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matter, which would afford excellent paddy ground if irrigated. The younger river" deposits are strictly limited to the lowlands in the Mainglôn valley.

3. Extension and origin of the older alluvial deposits.- In a continuous layer the older alluvial deposits are especially found along the slopes of the hills which border the Mainglôn valley. They, however, also form isolated hills or short ranges in the centre of the valley, thus proving that they originally filled the whole valley, but became afterwards divided, probably by the action of the Nampai, which cut its bed through these deposits, only leaving them along slopes of the hills, and here and there in isolated patches in the centre of the basin. Along the slope of the hills they form a very distinct escarpment level at its surface, being in accord with that of the hills in the centre of the valley. The deposit of two strata requiring conditions so absolutely different in one and the same locality, and evidently immediately succeeding one another, forms, however, a problem which cannot easily be solved. The compact mass of the conglomerate must have been deposited under the influence of à very strong current, while the clay must naturally have been deposited in still water. That conglomerate and clay cannot have been deposited in or by one and the sanie water is proved by the sharp separation. If they were deposited gradually, there must certainly be found some kind of intermediate bed, from coarse gravel gradually leading to fine sand and clay, but nothing of this kind is observed, and the clay rests immediately on the top of the biggest pebbles. I believe that the Mainglôn valley formed a kind of lake on the bottom of which the Nampai deposited the bulk and particularly the heavier parts of the débris, thus forming the conglomerate, while the silt and finer material were carried away. Gradually the basin of the lake became more and more filled up, and consequently the level of the water rose. Now, there must have been a day when the bar which closed the western outlet of the lake gave way, and the water digging its way through its own deposits and carrying large quantities of them away, thus formed the channel through which now the Nampai runs, and through which the heavier material was transported in the future. Occasional high floods may have sometimes restored the old lake when the outlet was still narrow and was blocked, but the heavier material was no longer stored up, and the current was always strong enough to carry it away through the channels which formed in the dry season the river bed. Along the borders of the lake and wherever there was quiet water the finer material was deposited on the top of the older conglomerate, thus forming the younger clay.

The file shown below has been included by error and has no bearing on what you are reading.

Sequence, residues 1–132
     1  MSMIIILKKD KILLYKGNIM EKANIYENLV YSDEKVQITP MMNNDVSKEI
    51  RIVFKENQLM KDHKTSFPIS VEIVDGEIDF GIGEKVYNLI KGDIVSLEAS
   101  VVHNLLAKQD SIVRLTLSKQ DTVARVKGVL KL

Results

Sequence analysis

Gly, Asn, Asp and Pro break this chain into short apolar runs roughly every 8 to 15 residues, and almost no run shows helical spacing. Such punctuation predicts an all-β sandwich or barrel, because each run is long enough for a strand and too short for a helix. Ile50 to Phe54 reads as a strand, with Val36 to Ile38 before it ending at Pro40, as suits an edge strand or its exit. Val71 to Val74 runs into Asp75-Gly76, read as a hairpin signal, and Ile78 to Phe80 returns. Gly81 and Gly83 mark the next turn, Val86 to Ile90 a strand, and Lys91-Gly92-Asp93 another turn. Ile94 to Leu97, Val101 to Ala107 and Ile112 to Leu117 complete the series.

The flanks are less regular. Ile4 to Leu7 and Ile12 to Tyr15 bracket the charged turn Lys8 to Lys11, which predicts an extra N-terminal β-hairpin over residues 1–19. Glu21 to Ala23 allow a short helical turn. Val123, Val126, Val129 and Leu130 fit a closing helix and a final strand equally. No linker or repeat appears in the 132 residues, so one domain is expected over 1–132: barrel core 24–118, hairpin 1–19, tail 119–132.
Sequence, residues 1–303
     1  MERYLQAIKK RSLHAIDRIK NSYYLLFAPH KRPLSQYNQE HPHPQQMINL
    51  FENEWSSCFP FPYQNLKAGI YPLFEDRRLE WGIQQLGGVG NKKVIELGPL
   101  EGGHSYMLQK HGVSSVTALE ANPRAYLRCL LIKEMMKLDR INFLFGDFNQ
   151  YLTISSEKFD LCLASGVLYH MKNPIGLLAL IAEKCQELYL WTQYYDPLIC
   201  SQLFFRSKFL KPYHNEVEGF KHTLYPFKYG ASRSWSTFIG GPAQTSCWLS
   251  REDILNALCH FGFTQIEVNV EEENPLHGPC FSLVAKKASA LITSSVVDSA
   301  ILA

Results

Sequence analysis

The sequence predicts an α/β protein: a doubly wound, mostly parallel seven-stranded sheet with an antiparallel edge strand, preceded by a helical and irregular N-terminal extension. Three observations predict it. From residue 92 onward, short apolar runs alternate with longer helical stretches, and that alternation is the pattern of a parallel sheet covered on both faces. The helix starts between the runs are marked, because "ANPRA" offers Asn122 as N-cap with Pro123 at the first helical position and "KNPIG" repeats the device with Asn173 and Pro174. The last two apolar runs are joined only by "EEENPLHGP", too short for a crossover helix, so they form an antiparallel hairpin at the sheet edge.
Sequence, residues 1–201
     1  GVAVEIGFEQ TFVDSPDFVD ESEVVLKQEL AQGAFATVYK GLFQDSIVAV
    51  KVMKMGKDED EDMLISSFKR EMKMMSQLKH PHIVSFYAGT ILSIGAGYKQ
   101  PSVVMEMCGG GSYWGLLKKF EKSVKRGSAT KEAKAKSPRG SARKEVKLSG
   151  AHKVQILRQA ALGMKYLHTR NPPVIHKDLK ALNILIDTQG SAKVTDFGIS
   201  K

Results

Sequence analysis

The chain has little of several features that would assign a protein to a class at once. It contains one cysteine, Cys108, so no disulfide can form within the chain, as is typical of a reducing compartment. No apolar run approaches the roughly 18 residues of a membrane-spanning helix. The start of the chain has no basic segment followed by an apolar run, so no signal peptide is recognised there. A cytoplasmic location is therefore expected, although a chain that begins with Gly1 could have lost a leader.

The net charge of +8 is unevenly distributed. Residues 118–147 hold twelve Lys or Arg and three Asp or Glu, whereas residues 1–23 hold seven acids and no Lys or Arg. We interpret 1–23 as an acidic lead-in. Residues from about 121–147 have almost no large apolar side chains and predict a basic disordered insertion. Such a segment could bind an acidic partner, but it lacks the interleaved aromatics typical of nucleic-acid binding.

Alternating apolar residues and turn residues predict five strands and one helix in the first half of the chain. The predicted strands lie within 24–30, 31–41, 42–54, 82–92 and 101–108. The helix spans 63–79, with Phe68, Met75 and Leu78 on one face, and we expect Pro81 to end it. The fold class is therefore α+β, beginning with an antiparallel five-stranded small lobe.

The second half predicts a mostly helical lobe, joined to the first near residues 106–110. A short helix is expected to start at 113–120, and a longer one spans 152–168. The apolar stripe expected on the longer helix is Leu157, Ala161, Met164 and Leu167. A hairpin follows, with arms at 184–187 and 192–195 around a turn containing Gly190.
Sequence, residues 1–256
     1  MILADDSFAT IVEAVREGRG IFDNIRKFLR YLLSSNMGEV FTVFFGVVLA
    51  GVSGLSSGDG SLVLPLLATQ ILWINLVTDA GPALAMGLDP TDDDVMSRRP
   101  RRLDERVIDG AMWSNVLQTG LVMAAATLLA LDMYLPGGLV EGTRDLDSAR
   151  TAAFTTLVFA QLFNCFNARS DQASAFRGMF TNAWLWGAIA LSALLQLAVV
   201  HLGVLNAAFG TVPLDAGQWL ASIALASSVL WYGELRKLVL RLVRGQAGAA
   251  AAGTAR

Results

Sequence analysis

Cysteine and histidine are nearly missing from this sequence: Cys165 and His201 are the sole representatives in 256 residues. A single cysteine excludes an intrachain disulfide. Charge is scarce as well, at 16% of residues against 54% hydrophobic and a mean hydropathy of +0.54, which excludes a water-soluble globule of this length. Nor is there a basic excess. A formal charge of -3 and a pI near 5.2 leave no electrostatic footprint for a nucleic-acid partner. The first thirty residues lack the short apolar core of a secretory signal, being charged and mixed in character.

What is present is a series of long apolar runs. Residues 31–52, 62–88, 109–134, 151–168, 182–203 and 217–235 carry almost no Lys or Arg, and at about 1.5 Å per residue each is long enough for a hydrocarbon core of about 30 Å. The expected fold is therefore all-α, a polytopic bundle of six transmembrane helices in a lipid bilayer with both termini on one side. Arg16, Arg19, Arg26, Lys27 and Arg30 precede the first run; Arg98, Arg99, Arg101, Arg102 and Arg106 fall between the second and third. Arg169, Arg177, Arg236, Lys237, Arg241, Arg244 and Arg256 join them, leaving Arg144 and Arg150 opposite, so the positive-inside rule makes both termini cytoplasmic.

I did not find any organic remains in either conglomerates or clay. That none could be preserved in the conglomerate is intelligible, but it is rather strange that no shells should have been preserved in the clay. However, they may be discovered hereafter.

4. Description of the mines. The pits, now deserted, from which the tourmalines were dug are numerous, and those which have apparently been worked quite recent. ly may be seen anywhere along the slopes of the valley. The place for making a pit was always chosen with a view to getting an easy and ample supply of water for washing purposes, and was so situated that the finer débris and used water could easily be got rid of. The pits are therefore all at a certain height above the present river level, while the water is brought down from higher places in channels of con. siderable length. It is therefore easily understood that for these two reasons the workmen can only exploit the conglomerate at a certain limited height. If the pits are too high up on the slope, it is rather difficult to get a sufficient supply of water; if too low down, the water will not easily flow off. The style of work is simple enough. At first the covering clay is removed till the surface of the conglomerate is exposed. As a rule, a large piece of conglomerate is freed at once. In the pit the surface of the conglomerate measured about 250 by 105 feet. As the thickness of the clay averaged about 10 feet, the quantity of clay to be removed before the operations could be started was very considerable.

The water, in a channel coming from the south-east, was conducted in the back ground of the pit along the perpendicular wall of clay, to the place where it was wanted for working purposes. It was then made to run on the surface of the conglomerate and to trickle down in part of the working place, thus softening the clayey cement, so that the pebbles could afterwards be easily removed. The miner, by heaping the larger pebbles on the free room behind himself, while searching the conglomerate in front, gradually turned over the whole of the conglomerate without being obliged to carry away the large and heavy pebbles. The smaller débris was washed in baskets, the tourmalines picked out, and the remainder probably re-washed for gold. The conglomerate has been nearly completely worked out at the southern side of the pit. A few rests are still remaining as a support to the water channel. On the northern side there is still a large quantity left, but when this is worked out, either the pit will have to be deserted or the tiresome work of removing a still larger quantity of clay than in the beginning will have to be started again.